That brings me to the second reality the proposed legislation fails to recognize. While auto theft has been and continues to be a serious problem, it is actively and aggressively being addressed. The problem is being attacked not only by the sanctions available in the criminal code but by every level of government, policing agency, private company, association and by individual Canadians. The existing sanctions within the criminal code and case law effectively achieve the objectives of criminal sentencing for both first time and repeat offenders.
Auto theft falls under the class of offences in the criminal code relating to thefts of property. Section 334 of the criminal code provides that the theft of property exceeding $5,000 is an indictable offence for which the individual is liable to imprisonment for up to 10 years. This provision reflects parliament's recognition that theft over $5,000 is a serious offence and it includes auto theft.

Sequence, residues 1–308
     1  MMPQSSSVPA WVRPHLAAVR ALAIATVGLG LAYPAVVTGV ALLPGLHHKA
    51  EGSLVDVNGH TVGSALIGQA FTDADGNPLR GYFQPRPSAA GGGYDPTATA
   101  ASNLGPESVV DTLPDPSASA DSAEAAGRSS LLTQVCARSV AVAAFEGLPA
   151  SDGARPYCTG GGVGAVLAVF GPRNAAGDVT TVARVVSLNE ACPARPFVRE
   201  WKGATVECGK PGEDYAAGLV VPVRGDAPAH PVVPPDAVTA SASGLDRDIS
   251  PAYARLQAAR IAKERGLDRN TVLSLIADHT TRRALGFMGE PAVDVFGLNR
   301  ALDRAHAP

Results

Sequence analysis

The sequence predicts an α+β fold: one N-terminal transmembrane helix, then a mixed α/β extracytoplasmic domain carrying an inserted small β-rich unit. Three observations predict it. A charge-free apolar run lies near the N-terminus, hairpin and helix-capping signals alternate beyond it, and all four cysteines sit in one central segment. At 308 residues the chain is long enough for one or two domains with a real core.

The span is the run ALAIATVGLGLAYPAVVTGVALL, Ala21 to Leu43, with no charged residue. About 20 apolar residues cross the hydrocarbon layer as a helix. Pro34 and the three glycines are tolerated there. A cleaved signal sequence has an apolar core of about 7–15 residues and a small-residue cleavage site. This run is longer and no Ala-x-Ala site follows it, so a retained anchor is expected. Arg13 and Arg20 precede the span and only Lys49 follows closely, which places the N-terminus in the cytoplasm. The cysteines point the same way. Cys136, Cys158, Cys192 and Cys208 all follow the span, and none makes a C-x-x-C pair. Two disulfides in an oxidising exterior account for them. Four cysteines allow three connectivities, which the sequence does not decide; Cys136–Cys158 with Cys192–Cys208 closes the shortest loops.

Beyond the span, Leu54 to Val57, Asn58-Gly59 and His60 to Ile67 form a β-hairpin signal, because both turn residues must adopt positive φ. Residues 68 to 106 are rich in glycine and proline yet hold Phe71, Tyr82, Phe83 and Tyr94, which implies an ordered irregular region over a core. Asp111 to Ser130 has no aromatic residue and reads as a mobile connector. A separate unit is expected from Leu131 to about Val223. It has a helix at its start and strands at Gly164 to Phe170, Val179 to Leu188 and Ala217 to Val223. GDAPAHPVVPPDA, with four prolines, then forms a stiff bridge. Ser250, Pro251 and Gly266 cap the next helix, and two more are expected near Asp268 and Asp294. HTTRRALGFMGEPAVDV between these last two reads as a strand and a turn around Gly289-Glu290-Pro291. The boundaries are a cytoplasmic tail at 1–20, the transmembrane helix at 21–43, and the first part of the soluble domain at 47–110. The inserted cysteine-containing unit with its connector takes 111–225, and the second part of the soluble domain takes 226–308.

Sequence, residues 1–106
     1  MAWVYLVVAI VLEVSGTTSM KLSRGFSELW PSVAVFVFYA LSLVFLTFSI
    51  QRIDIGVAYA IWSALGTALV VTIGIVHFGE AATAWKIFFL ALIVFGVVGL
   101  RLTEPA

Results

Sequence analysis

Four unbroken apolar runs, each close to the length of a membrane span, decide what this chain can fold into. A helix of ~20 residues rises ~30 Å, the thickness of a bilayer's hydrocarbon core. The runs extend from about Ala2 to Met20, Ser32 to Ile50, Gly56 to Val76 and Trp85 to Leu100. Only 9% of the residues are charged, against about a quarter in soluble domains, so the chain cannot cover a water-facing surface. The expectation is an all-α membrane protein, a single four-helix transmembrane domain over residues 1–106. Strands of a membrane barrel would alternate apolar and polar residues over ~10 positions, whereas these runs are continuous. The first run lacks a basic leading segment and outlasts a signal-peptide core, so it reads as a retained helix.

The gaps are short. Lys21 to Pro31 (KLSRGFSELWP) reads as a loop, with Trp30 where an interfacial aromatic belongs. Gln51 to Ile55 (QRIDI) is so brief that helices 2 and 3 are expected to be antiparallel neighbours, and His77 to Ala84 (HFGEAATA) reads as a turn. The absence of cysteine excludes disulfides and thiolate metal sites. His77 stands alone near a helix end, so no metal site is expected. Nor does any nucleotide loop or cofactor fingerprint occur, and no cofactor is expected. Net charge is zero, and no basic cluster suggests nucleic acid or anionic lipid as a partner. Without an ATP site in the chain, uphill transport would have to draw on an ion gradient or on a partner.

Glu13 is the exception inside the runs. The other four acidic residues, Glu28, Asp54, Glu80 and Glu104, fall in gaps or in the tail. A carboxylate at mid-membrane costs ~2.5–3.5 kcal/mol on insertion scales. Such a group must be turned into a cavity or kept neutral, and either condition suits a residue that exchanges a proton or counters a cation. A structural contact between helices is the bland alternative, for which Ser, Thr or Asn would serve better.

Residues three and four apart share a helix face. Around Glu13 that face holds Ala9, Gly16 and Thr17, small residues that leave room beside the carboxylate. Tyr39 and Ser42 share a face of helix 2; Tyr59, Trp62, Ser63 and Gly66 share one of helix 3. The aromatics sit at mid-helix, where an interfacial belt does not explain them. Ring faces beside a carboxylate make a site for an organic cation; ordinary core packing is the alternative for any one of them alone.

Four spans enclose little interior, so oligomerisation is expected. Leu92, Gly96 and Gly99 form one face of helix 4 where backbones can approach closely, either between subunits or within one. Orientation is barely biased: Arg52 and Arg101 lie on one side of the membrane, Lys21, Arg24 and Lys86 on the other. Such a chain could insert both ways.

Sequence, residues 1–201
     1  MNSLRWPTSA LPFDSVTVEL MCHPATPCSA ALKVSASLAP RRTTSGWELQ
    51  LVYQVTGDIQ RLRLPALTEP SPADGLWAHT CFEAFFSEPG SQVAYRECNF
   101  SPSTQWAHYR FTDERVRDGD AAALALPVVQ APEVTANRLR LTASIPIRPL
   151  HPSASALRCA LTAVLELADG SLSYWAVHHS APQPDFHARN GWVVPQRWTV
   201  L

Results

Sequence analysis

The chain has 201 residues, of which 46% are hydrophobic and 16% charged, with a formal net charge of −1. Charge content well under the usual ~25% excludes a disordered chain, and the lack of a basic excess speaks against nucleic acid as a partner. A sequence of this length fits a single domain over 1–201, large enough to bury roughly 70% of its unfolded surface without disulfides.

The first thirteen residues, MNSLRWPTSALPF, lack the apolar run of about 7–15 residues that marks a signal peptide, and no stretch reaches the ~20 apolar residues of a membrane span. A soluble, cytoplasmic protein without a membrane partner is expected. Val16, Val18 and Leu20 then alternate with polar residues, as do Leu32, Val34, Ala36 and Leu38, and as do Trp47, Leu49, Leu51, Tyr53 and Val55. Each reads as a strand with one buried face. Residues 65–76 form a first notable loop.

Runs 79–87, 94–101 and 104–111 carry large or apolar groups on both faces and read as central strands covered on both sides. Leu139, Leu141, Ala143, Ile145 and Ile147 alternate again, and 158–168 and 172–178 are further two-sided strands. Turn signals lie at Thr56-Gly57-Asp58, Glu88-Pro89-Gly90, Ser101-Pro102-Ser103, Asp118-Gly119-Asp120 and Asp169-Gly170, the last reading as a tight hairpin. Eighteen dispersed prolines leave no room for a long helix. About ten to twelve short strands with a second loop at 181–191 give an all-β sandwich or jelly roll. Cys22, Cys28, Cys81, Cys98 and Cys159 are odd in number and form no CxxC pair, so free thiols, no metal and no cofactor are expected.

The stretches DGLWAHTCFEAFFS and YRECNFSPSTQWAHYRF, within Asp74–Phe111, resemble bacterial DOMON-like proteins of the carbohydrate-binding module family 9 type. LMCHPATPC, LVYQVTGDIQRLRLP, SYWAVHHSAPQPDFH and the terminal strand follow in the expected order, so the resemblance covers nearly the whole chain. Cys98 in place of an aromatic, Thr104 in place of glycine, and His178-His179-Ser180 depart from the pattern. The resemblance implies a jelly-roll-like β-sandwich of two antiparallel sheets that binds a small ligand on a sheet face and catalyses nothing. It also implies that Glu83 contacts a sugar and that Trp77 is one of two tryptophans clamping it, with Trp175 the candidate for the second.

Further, joyriding is a specific offence under the criminal code to take into account the very unique nature of this crime. In addition, if an offender has prior convictions the sentencing judge, under current procedures, is bound to treat this as an aggravating factor that would result in a harsher sentence than would otherwise be imposed. A sentencing court does not stop there, however, nor should it.
The principles of sentencing in Canada require a judge to look at all the circumstances of the crime, including those of the offender and of the victim, the good and the bad, the mitigating and the aggravating. Those circumstances must be weighed in light of the fundamental principles of sentencing. The first and paramount principle of sentencing is that the sentence must be in proportion to the crime or crimes committed, and to the degree of responsibility of the offender.